On 18/03/2020 09:09, pozz wrote:
> Il 13/03/2020 17:49, David Brown ha scritto: >> On 13/03/2020 15:38, pozz wrote: >>> I'm working on a Cortex-M4 MCU and using FreeRTOS. >>> >>> One task: >>> >>> uint32_t wait_period; >>> while(1) { >>> �� // make some things >>> �� vTaskDelay(pdMS_TO_TICKS(wait_period)); >>> } >>> >>> The following function can be called from another task: >>> >>> void set_waiting_period(uint32_t new_period) { >>> �� wait_period = new_period; >>> } >>> >>> >>> In this case, is it needed to protect the access of the shared variable >>> wait_period with a mutex? I don't think, we are dealing with an integer >>> variable that should be accessed (reading and writing) atomically. >>> >> >> You don't need to use a mutex, as you won't have race conditions when >> accessing it (race conditions happen when at least one thread can be >> writing, and at least one thread reading, and the accesses are not >> atomic). > > Ok, I got the point. > > >> However, you /do/ need to make the accesses volatile, or there >> will be no guarantee that the variable will be read or written in the >> spots where you have accessed it. > > Let me explain just to be sure I got it. > > If wait_period is not volatile, in the task endless loop, the compiler > could make the assumption the variable doesn't ever change, so for > example it could "cache" its value in a register. In this case, when > set_waiting_period() is called from another task, the variable in RAM is > changed, but the value in the register doesn't change, so the task will > continue using the old value.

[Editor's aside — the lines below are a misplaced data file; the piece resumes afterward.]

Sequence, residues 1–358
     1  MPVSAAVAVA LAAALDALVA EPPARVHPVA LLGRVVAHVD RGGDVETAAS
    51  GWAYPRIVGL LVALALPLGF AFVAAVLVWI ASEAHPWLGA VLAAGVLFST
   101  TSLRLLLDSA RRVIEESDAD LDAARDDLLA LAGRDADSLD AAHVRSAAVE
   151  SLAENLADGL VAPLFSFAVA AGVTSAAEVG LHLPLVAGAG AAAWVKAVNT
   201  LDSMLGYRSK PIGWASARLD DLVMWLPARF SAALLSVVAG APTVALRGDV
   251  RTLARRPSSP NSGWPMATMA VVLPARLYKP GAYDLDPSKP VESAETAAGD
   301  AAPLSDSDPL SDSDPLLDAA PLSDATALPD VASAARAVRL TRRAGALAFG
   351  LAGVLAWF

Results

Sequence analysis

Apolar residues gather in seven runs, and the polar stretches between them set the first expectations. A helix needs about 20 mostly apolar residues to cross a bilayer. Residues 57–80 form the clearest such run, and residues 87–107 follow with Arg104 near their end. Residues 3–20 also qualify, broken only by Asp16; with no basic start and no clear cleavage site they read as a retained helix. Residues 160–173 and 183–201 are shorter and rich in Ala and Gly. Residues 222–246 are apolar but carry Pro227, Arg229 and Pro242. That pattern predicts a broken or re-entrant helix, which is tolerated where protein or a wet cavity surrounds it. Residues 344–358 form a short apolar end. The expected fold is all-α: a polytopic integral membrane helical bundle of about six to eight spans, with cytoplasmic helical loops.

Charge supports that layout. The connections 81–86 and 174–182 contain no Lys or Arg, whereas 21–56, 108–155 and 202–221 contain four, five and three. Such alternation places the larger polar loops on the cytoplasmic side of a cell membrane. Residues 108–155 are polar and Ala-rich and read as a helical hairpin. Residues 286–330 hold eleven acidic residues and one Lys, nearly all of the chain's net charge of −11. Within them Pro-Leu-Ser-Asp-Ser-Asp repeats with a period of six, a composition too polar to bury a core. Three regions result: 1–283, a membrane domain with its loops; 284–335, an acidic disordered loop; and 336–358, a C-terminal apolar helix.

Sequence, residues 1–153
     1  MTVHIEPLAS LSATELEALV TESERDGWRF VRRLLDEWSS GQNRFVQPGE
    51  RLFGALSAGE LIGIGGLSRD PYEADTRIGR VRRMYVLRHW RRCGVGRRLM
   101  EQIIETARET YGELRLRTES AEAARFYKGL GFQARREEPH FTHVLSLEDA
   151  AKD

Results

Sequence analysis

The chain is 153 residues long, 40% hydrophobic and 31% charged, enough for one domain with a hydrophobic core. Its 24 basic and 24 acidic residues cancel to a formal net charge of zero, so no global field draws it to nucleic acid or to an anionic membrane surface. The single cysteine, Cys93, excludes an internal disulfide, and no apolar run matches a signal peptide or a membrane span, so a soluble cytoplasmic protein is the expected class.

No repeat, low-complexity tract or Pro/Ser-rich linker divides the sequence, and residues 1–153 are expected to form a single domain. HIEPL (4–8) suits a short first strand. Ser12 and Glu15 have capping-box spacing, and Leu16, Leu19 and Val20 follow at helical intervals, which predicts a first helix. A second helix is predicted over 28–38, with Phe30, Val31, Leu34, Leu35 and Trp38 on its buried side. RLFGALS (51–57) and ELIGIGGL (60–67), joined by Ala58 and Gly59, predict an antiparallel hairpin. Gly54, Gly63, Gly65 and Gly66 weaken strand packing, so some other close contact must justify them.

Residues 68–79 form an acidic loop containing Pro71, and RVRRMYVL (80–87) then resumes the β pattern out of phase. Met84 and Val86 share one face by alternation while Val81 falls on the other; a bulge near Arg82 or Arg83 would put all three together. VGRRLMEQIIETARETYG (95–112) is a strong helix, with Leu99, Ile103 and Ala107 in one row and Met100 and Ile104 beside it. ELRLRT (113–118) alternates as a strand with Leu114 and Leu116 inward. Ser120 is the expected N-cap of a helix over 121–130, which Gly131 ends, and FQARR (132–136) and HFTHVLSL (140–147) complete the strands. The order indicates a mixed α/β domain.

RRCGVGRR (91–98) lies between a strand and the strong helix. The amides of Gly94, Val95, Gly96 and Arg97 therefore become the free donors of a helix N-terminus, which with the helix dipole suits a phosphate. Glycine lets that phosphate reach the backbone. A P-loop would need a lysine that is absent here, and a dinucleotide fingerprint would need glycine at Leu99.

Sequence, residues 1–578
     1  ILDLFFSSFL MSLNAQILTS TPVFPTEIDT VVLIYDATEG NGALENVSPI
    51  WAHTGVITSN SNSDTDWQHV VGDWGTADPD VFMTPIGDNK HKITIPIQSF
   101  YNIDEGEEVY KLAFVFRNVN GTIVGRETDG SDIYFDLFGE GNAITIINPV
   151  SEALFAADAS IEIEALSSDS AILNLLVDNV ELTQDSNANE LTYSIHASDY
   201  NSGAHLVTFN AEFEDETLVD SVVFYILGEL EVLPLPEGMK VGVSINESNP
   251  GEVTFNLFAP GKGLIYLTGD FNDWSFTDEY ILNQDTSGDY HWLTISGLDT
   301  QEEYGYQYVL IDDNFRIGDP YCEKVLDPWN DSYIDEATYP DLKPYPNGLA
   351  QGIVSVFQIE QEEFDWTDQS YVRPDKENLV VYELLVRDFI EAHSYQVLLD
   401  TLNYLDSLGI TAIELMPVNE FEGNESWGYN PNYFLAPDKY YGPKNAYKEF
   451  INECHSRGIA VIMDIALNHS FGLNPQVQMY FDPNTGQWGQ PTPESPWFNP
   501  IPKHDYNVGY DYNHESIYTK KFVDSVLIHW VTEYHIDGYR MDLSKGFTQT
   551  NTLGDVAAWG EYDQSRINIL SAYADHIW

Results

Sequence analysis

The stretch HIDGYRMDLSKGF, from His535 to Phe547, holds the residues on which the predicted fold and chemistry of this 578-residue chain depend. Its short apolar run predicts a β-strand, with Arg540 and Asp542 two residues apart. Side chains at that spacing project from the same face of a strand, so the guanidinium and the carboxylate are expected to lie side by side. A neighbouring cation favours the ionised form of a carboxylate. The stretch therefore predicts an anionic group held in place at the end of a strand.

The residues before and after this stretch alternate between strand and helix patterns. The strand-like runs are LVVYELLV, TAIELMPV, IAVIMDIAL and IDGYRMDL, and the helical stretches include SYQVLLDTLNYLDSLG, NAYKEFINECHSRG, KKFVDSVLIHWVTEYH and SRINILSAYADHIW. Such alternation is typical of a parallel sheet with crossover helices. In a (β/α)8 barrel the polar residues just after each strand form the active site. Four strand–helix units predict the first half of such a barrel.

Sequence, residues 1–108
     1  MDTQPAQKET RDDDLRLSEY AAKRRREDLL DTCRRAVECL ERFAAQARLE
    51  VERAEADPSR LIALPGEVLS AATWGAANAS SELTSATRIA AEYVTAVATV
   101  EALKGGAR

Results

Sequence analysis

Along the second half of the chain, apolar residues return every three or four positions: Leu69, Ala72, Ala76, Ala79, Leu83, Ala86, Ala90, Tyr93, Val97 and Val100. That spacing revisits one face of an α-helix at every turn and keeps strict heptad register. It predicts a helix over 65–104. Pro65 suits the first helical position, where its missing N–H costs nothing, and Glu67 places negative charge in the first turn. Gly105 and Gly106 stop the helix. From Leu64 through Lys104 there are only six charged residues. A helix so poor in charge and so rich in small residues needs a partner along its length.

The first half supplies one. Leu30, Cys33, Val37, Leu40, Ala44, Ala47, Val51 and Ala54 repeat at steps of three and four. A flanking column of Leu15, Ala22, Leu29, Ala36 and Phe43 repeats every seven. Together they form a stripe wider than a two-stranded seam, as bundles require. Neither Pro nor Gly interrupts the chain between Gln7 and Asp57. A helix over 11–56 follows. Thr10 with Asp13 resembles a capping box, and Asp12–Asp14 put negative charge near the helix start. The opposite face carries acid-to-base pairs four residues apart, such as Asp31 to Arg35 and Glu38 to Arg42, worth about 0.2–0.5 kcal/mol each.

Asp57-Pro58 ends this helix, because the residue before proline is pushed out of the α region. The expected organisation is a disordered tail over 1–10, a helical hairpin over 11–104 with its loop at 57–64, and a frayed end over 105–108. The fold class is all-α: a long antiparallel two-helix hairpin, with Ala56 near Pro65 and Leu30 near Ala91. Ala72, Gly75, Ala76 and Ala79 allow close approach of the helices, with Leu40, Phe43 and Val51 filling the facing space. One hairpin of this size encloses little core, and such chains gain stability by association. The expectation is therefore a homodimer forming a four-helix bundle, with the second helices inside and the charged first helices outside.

Exactly right. (The same can work when writing variables in a loop - the compiler knows that it has full control of any normal variables it is using, so there is no need to write out the variable to ram until later, if that would give more efficient code.)
> > I think the access could be volatile only in the loop and not in > set_waiting_period: > > uint32_t wait_period; > while(1) { > ��� // make some things > ��� volatile uint32_t *vwait_period = (volatile uint32_t *)&wait_period; > ��� vTaskDelay(pdMS_TO_TICKS(*vwait_period)); > �} > > void set_waiting_period(uint32_t new_period) { > �� wait_period = new_period; > }
Bad idea - get in the habit of making such writes volatile too. If the "set_waiting_period" function is compiled and linked separately, then the compiler will have to generate the write instruction before the return. But if it has access to the definition (because it is in the same file as the one using it, or you have link-time optimisation), and you write something like: set_waiting_period(100); // more code set_waiting_period(1000); then the compiler can skip the first write to "wait_period" if it knows "more code" does not use it. Most problems with missing volatiles are seen from a failure to do volatile reads in a loop. The second most common failure (IME) is assuming that volatile accesses place an order on non-volatile accesses (they don't). But failure to use volatile on writes occurs too, and is often more subtle, with code working fine until you change something else that appears independent.
Il 13/03/2020 15:38, pozz ha scritto: